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  • President Alassane Ouattara and his wife, Abidjan, Ivory Coast, July 15, 2020.

    President Alassane Ouattara and his wife, Abidjan, Ivory Coast, July 15, 2020. | Photo: EFE

Published 7 August 2020
Opinion

The political opposition argues that the Constitution would not allow him to exercise power for three consecutive terms.

Ivory Coast's President Alassane Ouattara Thursday accepted the nomination to be a presidential candidate in the October election.

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He told his supporters that he will run for president to protect the interests of the nation and to continue putting his experience at the service of the country.

His declaration comes after former Prime Minister Amadou Gon Coulibaly, who was Outtara's favorite successor, died from a heart attack last month.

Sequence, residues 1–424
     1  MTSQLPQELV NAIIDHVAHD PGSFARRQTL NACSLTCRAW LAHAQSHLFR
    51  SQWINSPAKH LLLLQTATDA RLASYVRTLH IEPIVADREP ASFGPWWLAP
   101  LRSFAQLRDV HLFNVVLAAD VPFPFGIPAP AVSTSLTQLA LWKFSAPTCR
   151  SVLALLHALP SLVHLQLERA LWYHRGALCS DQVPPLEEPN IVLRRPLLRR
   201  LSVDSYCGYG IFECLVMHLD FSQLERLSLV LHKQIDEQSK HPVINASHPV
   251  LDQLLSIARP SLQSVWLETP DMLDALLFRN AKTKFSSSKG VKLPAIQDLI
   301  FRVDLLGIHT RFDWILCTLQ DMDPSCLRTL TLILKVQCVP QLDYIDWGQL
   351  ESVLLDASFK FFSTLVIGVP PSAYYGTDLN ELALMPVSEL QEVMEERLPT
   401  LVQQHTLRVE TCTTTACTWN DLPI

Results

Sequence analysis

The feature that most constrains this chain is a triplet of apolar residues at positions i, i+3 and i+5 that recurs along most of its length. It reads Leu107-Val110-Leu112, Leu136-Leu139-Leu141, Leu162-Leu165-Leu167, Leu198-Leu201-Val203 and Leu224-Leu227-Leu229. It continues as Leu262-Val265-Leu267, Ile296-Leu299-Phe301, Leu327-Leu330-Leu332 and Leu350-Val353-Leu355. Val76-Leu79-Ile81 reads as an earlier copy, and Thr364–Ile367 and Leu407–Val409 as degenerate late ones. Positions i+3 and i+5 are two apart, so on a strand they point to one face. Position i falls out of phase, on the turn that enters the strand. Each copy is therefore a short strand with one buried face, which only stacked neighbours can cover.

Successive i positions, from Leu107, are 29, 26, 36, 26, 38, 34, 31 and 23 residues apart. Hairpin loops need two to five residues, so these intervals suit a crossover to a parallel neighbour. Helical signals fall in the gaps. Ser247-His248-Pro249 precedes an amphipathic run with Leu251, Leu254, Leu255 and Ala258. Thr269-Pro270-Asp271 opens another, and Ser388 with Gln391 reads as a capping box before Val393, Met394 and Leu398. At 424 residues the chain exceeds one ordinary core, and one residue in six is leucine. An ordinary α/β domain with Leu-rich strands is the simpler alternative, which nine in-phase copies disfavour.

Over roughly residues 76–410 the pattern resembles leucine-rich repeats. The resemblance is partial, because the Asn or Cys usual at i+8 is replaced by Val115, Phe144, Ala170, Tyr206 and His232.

"Because of this case of force majeure, I have decided to respond favorably to the call of my fellow citizens asking me to be a candidate in the presidential election," Ouattara said as a justification for its political decision.

Ouattara's early rivals include former Prime Minister Pascal Affi N'Guessan from the Ivorian Popular Front (FPI), former President Henri Konan Bedie from the Democratic Party of the Ivory Coast (PDCI), and former Foreign Minister Marcel Amont-Tanoh.

The political opposition stated that Ouattara cannot run for the third reelection because the Constitution would not allow him to exercise power for three consecutive terms.

In response to this criticism, however, Ouattara said that the current presidential term should not enter those calculations according to the 2016 Constitution.

In 2010, Ivory Coast was ruled by Laurent Gbagbo, who was overthrown after a civil war that left 3,000 deaths. His successor was Outtara who has controlled the politics of this country ever since.

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